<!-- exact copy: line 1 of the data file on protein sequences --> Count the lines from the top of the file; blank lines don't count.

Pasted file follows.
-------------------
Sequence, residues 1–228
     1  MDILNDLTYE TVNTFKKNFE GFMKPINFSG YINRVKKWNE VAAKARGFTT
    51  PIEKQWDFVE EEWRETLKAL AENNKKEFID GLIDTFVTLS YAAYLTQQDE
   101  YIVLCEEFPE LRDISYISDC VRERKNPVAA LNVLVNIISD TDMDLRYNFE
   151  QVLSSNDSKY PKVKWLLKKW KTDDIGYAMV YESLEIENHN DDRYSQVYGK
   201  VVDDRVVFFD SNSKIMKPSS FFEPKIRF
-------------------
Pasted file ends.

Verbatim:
Sequence, residues 1–228